1. How should companies prepare for the handling of potential data breaches according to the GDPR?

RP: Preparation is essential. This doesn’t mean having some plans sitting on the shelf.  It means practicing it in advance, working out where the likely problems will arise; what works and what doesn’t; and who needs to be brought in to help problem solve and manage the situation.  There are technical and business/personal impact aspects to this; it requires looking at potential scenarios, rehearsing responses and developing a more agile (emergent) based strategy. This is something the Data Protection Officer (DPO) should be ready to help lead working with the Board, to make sure that there is a genuine capability to act and not simply some un-tested arrangements in place. Failure to prepare makes the likelihood of failure far higher and increases considerably the likelihood of a bad situation turning into a crisis for the Board and the company.

JCG: The role of the DPO is key in all of this. Many firms are rushing to appoint a DPO just to shift the GDPR problem onto them, and this is wrong. You need the right DPO and it could be a complex role to fill. The role of the DPO will be to build a clear plan towards compliance and orchestrate delivery of what could be a complex package of measures. This is a context where roles and responsibilities have to be clear for all the stakeholders, and where the DPO – as an individual – will require the right amount of personal gravitas and credibility in order to get things done. So it could be a genuinely difficult position to fill. In large firms, it is key to appoint an executive with the right degree of seniority and experience across all the areas where change is required – legal, technical, organisational – and ensure that the role is supported by a team of experts (internal and external). In small firms, there may be a single person able to meet all those criteria, but equally it may be sensible to use an external service provider DPO as a service, something the Regulation now allows.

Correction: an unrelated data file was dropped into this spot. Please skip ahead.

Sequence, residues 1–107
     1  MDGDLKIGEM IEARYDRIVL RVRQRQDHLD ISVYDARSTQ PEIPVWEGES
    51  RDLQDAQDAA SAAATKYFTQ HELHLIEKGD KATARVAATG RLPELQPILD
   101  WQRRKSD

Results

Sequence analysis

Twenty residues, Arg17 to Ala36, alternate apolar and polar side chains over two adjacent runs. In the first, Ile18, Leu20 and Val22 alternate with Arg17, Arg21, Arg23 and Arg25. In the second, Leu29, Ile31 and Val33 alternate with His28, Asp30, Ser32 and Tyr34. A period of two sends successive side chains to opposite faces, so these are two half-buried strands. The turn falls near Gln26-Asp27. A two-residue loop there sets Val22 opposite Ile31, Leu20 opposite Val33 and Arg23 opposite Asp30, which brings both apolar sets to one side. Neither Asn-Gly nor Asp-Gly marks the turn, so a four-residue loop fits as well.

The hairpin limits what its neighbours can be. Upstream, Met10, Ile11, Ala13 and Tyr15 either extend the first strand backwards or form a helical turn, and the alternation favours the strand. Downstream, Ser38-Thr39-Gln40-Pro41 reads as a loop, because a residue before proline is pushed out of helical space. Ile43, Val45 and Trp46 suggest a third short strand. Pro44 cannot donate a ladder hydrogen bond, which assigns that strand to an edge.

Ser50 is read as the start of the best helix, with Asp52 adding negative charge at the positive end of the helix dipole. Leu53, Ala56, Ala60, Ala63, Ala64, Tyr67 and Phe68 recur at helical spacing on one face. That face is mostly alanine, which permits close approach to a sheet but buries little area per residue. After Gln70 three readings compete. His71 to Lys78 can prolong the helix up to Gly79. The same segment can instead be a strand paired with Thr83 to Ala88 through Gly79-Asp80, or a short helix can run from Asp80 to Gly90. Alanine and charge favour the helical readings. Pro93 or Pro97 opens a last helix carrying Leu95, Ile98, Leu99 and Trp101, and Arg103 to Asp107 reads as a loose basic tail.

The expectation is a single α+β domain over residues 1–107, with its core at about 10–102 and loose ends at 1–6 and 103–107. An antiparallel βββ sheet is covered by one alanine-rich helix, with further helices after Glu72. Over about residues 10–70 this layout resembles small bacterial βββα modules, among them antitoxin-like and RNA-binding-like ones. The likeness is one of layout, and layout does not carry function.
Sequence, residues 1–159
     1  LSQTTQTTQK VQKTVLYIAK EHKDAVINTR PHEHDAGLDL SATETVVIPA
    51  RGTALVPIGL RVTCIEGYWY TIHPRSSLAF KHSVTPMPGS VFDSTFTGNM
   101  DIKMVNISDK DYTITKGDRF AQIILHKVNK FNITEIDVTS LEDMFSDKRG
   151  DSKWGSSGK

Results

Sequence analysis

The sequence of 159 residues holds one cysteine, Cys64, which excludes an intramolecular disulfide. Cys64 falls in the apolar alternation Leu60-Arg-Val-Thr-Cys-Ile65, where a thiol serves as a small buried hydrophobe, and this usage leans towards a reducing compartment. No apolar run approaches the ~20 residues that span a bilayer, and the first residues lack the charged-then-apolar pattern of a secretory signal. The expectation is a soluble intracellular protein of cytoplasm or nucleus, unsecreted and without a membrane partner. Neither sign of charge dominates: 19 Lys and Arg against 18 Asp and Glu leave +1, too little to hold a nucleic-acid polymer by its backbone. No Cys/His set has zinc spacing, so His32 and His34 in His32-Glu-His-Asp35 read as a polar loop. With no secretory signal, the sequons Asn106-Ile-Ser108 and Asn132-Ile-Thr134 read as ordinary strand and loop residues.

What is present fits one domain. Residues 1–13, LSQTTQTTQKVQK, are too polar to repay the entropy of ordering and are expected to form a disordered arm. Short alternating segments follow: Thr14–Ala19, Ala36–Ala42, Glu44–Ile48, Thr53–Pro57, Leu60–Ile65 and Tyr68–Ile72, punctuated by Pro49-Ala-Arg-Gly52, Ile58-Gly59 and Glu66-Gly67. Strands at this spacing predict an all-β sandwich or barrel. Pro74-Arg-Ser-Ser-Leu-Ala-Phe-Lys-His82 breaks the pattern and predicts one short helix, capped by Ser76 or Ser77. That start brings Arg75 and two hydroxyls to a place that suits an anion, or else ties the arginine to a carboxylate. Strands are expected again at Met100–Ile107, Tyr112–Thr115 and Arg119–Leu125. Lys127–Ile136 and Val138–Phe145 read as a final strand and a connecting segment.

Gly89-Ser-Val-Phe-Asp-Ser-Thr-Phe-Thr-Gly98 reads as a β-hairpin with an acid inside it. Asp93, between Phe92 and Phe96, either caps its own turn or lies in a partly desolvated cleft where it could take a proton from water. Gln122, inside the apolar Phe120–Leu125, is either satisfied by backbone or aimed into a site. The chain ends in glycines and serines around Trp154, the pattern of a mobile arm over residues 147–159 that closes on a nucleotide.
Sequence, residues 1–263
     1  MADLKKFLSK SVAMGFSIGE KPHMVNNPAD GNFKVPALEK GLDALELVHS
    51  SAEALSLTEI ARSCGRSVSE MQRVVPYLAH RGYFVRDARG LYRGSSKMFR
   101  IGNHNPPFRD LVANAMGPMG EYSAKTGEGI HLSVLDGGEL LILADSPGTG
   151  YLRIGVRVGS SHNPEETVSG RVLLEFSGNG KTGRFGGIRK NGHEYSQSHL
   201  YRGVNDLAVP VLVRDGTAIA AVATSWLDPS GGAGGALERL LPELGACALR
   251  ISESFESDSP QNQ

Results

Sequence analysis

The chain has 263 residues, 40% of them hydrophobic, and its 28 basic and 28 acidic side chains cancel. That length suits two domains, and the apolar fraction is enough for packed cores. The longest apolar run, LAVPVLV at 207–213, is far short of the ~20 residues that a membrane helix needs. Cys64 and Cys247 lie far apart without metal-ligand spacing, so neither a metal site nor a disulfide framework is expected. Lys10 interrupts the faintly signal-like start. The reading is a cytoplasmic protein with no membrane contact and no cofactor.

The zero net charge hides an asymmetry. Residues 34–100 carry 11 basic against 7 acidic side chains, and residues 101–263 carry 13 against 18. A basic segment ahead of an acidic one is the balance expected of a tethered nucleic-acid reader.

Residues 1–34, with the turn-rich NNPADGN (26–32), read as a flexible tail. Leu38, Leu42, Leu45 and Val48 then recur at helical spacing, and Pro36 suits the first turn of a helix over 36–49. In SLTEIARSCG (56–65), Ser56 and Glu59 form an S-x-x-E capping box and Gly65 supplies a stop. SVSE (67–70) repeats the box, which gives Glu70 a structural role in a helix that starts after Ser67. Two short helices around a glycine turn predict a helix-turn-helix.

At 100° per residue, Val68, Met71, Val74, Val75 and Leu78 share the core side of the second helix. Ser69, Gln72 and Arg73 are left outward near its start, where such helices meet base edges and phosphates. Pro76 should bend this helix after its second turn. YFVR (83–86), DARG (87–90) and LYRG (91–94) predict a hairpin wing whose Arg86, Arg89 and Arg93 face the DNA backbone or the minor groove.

Corix Partners and DA Resilience, together with Next World Capital, Wise Partners in Paris and a number of experts, have analysed the impact the GDPR can have around privacy and security, and are offering a real-life perspective in a white paper which can be downloaded using this link: GDPR: A Catalyst to Drive Real Action around Privacy and Security

In providing our Data Protection Officer outsourcing and data protection impact assessment services, Aphaia is partnering with Corix Partners and DA Resilience in order to address cyber security and cyber resilience aspects of privacy.